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9.4 Employer Benefit or Employee Benefit?

Last amended 
7 February 2023

The Commonwealth funded portion of superannuation benefits is called the ‘employer benefit’ and is considered in incapacity payment calculations.

Any part of the superannuation benefit that is attributable to a person's own contributions, the ‘employee benefit’, must be disregarded in calculations i.e. ancillary benefits.

Under the SRCA the employer benefit is added to the notional super contribution (the ‘SC’ amount) under S20, 21 and S21A.  See section 6.6.6 for further information on the SC amount.

Under the MRCA the portion of a person’s superannuation pension or lump sum that is ‘employer benefit’ is used as the “person’s superannuation pension amount” or “person’s superannuation lump sum amount” in calculations under S116A – 116E and S134 -136.

9.4.1 Establishing the Commonwealth-funded component of superannuation benefits received from a scheme other than those administered by the CSC

From 1 July 2016 serving members can have their Commonwealth-funded superannuation credited to any superannuation scheme or retirement savings account they choose. This may be a scheme administered by the Commonwealth or a Commonwealth authority or an industry or private super fund. For the purposes of the legislation these are all considered to be the ‘superannuation scheme’ or ‘Commonwealth superannuation scheme’.

Alternatively, a person may roll their Commonwealth-funded superannuation over to any superannuation scheme or retirement savings account they choose after their retirement from the ADF.

In these cases the scheme may have contributions relating to both the person’s ADF employment (Commonwealth-funded contributions) and other employment. 

The legislation (MRCA - section 135-6 and DRCA - section 4) outlines that the superannuation amount to be held in calculations is equal to:

1.       the amount the employee’s superannuation contribution scheme identifies as employer-financed; or

2.       if the superannuation scheme cannot identify the employer’s contributions, the amount the Commission assesses to be attributable to employer contributions, or

3.       if the Commission cannot assess an amount to be attributable to the employer’s contribution, the amount of the pension in the week, or the lump sum the employee receives.

Once a person 'receives' (see section 9.8) a superannuation pension or lump-sum, delegates will need to establish how much of that pension or lump sum is Commonwealth-funded. 

If a person voluntarily elects to roll over their Commonwealth-funded superannuation into another fund after they have reached their preservation age, the Commonwealth-funded superannuation has 'been received' and the full amount that was rolled over would be used to offset incapacity payments from the date of roll-over.

When a veteran accesses a payment from a superannuation fund that is not administered by the CSC and this payment is from (all or part) Commonwealth-funded supeannuation contributions, delegates will need to establish the value of the Commonwealth-funded portion of that payment.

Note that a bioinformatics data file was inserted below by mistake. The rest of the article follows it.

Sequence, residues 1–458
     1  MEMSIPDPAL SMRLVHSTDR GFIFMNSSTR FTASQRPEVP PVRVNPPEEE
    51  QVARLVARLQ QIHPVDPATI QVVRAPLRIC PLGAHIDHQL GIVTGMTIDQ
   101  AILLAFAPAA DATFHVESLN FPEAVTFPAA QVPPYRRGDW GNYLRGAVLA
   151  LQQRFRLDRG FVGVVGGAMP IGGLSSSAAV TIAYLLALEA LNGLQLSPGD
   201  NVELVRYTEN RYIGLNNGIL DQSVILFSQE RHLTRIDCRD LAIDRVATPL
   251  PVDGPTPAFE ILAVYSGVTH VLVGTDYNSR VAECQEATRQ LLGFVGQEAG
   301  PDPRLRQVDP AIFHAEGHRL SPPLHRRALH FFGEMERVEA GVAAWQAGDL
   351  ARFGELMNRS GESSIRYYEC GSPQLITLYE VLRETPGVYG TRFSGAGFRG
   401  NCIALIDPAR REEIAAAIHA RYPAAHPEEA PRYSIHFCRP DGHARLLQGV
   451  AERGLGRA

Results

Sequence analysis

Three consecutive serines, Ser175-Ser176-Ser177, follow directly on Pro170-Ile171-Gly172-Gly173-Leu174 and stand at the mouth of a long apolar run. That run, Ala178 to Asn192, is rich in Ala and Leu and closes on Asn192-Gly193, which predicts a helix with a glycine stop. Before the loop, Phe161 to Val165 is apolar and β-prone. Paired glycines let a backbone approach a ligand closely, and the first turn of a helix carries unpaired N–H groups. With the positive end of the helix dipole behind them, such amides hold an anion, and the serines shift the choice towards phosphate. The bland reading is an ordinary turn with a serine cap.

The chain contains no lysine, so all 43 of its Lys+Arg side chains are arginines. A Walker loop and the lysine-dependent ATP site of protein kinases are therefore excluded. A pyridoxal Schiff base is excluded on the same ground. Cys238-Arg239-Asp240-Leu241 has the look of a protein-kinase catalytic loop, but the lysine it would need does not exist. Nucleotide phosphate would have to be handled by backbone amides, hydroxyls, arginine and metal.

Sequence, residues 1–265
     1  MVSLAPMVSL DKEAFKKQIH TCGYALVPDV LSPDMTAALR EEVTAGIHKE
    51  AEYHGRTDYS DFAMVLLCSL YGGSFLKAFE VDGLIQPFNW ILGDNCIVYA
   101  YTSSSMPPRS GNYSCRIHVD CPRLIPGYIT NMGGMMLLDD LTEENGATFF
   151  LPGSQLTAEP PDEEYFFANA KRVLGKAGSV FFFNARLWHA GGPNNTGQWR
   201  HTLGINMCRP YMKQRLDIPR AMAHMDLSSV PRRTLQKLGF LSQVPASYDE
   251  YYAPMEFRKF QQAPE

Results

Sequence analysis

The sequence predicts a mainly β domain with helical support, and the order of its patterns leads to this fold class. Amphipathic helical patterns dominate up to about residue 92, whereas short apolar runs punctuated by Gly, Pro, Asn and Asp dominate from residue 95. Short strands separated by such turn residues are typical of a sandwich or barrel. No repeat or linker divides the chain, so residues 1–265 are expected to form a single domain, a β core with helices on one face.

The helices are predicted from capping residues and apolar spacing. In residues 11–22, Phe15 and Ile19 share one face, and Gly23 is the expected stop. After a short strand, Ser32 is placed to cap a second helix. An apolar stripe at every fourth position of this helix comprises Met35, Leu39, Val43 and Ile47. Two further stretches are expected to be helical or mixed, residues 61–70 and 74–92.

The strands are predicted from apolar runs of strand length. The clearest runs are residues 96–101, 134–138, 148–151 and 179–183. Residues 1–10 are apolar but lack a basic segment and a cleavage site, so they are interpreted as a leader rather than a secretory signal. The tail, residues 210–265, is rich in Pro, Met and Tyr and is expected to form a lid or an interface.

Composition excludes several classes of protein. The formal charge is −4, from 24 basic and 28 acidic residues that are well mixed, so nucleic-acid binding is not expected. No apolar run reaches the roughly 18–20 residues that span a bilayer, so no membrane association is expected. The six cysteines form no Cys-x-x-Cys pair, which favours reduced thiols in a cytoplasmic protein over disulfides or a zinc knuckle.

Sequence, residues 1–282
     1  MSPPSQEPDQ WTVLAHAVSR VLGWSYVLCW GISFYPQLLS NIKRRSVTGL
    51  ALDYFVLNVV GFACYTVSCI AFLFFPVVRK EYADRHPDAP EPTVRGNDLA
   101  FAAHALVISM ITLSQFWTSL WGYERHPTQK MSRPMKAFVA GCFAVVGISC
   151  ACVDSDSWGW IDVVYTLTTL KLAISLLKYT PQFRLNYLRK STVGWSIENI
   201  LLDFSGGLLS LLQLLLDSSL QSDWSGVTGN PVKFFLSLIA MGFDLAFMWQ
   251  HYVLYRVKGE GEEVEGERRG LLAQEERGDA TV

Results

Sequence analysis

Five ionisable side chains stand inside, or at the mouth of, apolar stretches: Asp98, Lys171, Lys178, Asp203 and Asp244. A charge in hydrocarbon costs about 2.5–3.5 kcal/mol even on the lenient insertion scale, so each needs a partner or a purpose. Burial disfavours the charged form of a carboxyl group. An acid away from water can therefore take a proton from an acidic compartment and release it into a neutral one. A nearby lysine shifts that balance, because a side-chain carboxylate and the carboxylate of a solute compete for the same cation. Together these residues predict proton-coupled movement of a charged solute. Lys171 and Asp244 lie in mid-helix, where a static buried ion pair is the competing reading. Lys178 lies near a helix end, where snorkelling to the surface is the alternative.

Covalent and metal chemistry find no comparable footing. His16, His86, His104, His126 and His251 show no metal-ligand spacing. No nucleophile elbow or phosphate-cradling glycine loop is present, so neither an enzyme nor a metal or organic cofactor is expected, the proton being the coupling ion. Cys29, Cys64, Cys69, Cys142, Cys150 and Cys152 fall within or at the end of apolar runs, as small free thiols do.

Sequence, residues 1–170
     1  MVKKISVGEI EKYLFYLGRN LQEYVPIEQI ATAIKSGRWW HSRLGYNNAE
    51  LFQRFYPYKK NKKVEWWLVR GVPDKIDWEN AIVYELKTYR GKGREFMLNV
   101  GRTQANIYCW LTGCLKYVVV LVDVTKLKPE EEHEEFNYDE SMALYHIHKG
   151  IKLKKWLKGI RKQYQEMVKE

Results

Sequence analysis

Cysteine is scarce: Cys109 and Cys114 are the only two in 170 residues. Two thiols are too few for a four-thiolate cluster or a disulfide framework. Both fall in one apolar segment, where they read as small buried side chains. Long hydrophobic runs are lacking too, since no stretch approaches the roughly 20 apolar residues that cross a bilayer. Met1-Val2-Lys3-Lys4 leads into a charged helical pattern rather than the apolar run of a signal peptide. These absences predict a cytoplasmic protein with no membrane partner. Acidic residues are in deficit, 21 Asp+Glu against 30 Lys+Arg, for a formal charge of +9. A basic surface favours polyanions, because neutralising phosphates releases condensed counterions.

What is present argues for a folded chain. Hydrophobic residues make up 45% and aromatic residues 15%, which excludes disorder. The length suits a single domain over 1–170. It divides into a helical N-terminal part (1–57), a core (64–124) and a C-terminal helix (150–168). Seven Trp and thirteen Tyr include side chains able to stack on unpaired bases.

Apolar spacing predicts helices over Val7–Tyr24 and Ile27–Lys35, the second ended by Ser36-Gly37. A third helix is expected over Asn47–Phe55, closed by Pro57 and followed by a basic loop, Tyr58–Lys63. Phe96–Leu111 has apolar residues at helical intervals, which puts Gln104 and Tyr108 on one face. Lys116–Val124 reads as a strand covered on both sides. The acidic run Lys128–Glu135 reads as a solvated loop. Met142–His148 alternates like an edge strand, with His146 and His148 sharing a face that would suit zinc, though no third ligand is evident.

Delegates will need to establish the total value of the superannuation in the fund and the current value of the Commonwealth-funded amount rolled over or orignially deposited to the fund (this is supplied by the superannuation fund).

A few possible scenarios exist;

  • If the veteran accessed all of the superannuation held in that fund, then the current value of the Commonwealth-funded amount will be used to offset incapacity payments.
  • If the veteran only accesses a portion of the total amount held in that fund, a ratio is applied to determine the amount to be offset.
  • If the superannuation fund cannot provide the current value of the Commonwealth-funded superannuation, the same methods will be applied as above but will be based on the original value of the Commonwealth-funded amount rolled over.


A veteran accesses $50,000 from their private superannuation fund of $100,000. Prior to preservation age the veteran had rolled over $20,000 of Commonwealth-funded super into the private fund. The scheme identifies that the super that was rolled over is now worth $25,000. As one quarter of the total amount in the private fund is Commonwealth-funded, one quarter of the amount accessed (in this case $12,500) is used to offset incapacity payments.

i.e. $25,000/$100,000 = 25% (25,000/100,00 x 100)

25% x $50,000 = $12,500 (amount to be offset)

If the private fund was not able to identify the current value of the original amount rolled over, the amount used to offset incapacity payments would be $10,000 (as the original amount of Commonwealth-funded superannuation rolled over is one fifth of the total amount in the fund).

i.e. $20,000/$100,000 = 20%

20% x $50,000 = $10,000 (offset amount)

Delegates can request assitance from Benefits and Payments Policy via the Delegate Support Framework.